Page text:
The Rt. Hon Margaret Hodge MBE was elected Member of Parliament for Barking in 1994. She is also the Chair of the Public Accounts Committee.
She carried out the following roles in the Labour Government between 1998 and 2010: She was Parliamentary Under Secretary of State for Employment and Equal Opportunities, Department for Education and Employment (1998 - 2001); Minister of State for Lifelong Learning, Further and Higher Education, Department for Education and Skills (2001 - 2003); Minister of State for Children, Young People and Families, Department for Education and Skills (2003 - 2005); Minister of State for Employment and Welfare Reform in the Department for Work and Pensions (2005 - 2006); Minister of State for Industry and the Regions in the Department for Trade and Industry (2006 - 2007); and Minister for Culture, the Creative industries and Tourism in the Department for Culture, Media and Sport (2007 - 2010), during which time she took a year's compassionate leave to care for her terminally ill husband.
In the 2010 General Election Margaret fought off the challenge from Nick Griffin and the British National Party in her constituency, doubling her majority to 16,555.
Also in 2010 Margaret Hodge became the first ever female Chair of the Public Accounts Committee. She was elected by fellow MPs in the first elections to be held for select committees Chairs.
Margaret Hodge entered politics in 1973 as a councillor for the London Borough of Islington where she was Chair of the Housing Committee from 1975 to 1979 and Deputy Leader from 1981 to 1982, before becoming Leader from 1982 to 1992. She spent two years as a consultant for Price Waterhouse from 1992 to 1994. Prior to her appointment to the DfEE she was Joint Chairman of the House of Commons Education and Employment Select Committee.
Margaret was educated at Bromley High School and Oxford High School before obtaining a BSc at the London School of Economics. Margaret Hodge is widowed with four children and four grandchildren.
Anne has been involved in European and American housing and urban problems since 1965. In 1966, she worked with Martin Luther King's 'End Slums' campaign in Chicago, and, on her return to Britain, organised community-based projects in Islington, Hackney and Tower Hamlets. From 1979 to 1989, she worked for the Department of the Environment and Welsh Office, setting up Priority Estates Projects to rescue run-down estates all over the country. In 1991, she became founding director of the National Communities Tenants Resource Centre at Trafford Hall in Chester which provides residential training and pump priming support for people living and working in low-income communities, and is currently Chair. From 2000 to 2009, she was a Commissioner on the Sustainable Development Commission (SDC). She was awarded an MBE in 1983 for work in Brixton, and a CBE in June 2000 for services to regeneration and resident participation. Anne sits on the senior advisory panel to DECC on Household Energy Management (HEM External Advisory Panel) and is a member of the Early Action Taskforce. Anne became a Professor of Social Policy at the London School of Economics in 1996 and is Head of LSE Housing and Communities, a research group based within the Centre for Analysis of Social Exclusion. She is author of many books, reports and articles on housing, cities and low-income communities.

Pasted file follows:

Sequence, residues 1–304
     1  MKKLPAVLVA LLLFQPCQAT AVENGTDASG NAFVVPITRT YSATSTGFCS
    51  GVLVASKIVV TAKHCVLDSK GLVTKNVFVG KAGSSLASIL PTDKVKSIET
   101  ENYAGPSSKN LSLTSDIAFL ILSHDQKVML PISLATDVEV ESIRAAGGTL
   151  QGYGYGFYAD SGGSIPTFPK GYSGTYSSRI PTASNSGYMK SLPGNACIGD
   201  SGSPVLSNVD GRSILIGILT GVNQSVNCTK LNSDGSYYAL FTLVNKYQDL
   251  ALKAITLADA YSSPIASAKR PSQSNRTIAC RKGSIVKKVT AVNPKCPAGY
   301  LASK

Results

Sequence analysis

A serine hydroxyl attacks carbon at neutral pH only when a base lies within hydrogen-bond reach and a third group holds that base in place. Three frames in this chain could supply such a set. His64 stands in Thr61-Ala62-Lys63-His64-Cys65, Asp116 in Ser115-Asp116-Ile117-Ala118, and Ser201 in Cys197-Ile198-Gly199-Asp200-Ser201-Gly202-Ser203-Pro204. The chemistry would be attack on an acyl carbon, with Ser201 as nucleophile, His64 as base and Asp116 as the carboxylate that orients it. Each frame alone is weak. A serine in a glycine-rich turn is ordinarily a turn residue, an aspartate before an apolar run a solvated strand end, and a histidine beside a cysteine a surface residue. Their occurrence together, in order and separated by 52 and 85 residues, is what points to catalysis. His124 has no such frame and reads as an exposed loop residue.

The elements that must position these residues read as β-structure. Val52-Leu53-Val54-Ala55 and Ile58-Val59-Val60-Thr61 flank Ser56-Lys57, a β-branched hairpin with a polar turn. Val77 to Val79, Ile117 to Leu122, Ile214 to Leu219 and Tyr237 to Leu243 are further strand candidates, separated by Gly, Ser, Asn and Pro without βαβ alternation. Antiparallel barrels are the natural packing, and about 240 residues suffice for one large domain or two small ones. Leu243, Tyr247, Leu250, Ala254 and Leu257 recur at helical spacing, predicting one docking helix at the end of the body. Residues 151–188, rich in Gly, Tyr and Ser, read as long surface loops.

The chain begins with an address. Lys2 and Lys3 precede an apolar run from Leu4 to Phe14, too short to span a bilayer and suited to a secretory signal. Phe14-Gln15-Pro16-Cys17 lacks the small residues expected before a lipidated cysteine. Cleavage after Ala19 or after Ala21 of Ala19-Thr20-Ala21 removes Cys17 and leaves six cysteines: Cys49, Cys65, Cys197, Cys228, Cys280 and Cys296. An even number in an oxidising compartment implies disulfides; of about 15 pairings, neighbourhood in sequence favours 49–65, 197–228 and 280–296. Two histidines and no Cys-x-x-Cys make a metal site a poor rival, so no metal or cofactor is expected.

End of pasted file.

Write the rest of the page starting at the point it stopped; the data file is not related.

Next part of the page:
Dr Katherine Rake OBE took up her post as Chief Executive of the Family and Parenting Institute in October 2009. She has a strong background in social policy and research and is passionate about improving families' well-being. Katherine previously spent seven years as chief executive of the Fawcett Society. Prior to that she was a Lecturer in Social Policy at the LSE and seconded to the Women's Unit, Cabinet Office where she edited a ground-breaking report on women's lifetime incomes: Katherine has advised the Prime Minister's Policy Unit, HM Treasury and a variety of other Government departments. She is a regular broadcaster and has contributed to a wide range of print media. In 2008, Katherine was awarded an OBE for services to equal opportunities, an Institute of Directors 'Good Director' Honour and the Social Policy Association's Annual Award for Outstanding Contribution from a Non-academic.
Jane Waldfogel is a professor of social work and public affairs at Columbia University School of Social Work and a visiting professor at the Centre for Analysis of Social Exclusion at the London School of Economics. She received her Ph.D. in public policy from the Kennedy School of Government at Harvard University. Waldfogel has written extensively on the impact of public policies on child and family well-being. Her books include: Britain's War on Poverty (Russell Sage Foundation, 2010); Steady Gains and Stalled Progress: Inequality and the Black-White Test Score Gap (Russell Sage Foundation, 2008); What Children Need (Harvard University Press, 2006); Securing the Future: Investing in Children from Birth to College (Russell Sage Foundation, 2000); and The Future of Child Protection: How to Break the Cycle of Abuse and Neglect (Harvard University Press, 1998). Her current research includes studies of work-family policies, improving the measurement of poverty, and understanding social mobility across countries. She can be reached at Columbia University School of Social Work, 1255 Amsterdam Avenue, New York, NY 10027. E-mail: email@example.com